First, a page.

Women are living longer and are more qualified than men, but work fewer hours and earn less than their male counterparts.
A report on men and women in 2010 showed females are under-represented in the Oireachtas and are still the vast majority of those looking after the home and family.
The Central Statistics Office (CSO) also said that while most workers in the health and education sectors were women, fewer held senior positions.
Elsewhere it found more men were emigrating, leaving school earlier and were also more likely to die at a young age - with higher death rates to suicide and car accidents.
The prison population was also overwhelmingly male and and most murder victims were men.
The report was compiled from a series of statistics from over the last four years as the country's once booming economy was gripped by recession.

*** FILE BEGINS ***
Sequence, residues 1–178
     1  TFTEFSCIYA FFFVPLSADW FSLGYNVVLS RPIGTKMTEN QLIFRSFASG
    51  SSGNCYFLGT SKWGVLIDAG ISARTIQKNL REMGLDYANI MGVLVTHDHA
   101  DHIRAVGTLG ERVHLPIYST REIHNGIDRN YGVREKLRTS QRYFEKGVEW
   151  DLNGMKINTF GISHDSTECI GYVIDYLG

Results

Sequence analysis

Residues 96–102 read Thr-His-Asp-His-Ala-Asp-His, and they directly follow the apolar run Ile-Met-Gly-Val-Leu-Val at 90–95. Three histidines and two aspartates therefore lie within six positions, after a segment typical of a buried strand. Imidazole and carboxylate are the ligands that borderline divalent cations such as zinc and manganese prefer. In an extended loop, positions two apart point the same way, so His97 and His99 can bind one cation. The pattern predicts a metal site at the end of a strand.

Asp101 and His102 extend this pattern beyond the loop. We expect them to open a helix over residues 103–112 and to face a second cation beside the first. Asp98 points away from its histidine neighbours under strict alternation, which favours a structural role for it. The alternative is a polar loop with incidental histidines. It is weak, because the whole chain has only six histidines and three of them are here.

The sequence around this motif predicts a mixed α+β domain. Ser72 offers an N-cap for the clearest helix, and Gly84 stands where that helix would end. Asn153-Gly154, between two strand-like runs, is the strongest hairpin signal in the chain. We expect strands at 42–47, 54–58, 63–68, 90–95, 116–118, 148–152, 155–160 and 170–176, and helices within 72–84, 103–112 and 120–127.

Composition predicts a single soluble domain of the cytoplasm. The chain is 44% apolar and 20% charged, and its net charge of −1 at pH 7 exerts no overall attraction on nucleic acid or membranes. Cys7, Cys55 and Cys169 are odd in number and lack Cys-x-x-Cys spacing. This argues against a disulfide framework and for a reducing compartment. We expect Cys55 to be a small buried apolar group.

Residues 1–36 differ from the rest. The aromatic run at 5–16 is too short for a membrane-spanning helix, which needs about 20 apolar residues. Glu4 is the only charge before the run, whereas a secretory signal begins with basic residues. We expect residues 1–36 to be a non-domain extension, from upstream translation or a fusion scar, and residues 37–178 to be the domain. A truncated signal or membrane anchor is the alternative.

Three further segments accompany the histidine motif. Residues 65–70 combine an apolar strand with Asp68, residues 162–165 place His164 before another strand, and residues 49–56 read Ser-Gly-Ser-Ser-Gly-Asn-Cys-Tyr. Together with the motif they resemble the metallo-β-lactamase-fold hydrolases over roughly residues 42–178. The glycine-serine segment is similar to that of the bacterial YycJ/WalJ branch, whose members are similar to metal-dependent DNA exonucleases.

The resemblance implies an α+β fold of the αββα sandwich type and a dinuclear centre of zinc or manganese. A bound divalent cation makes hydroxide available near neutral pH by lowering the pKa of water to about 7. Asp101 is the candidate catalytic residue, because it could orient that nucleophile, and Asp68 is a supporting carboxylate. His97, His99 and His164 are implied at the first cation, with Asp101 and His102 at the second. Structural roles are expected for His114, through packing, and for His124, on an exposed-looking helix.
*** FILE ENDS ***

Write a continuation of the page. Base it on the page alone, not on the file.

It showed women lived an average 81.6 years, nearly five years more than men, and had the highest fertility rate in Europe.
A sixth of hospital stays by women related to pregnancy and childbirth, but they were also more likely to be admitted to hospital with depression while more men were treated for schizophrenia and alcohol disorders.
Seven out of 10 males aged over 15 were in the labour force - either at work or unemployed - in 2010.
While the rate for men working in Ireland plummeted to 64.5% last year, the unemployment rate soared to 16.7pc for men and 9.8pc for women.
More than half a million women were looking after home/family last year compared with 7,500 men.
The CSO said that while immigration to Ireland peaked when 60,300 men moved to Ireland in 2006 and 52,100 women arrived in 2007, it fell sharply last year.
"Emigration rose steeply between 2006 and 2010, especially for men, resulting in a net outflow of 25,100 males and 9,400 females in 2010," it added.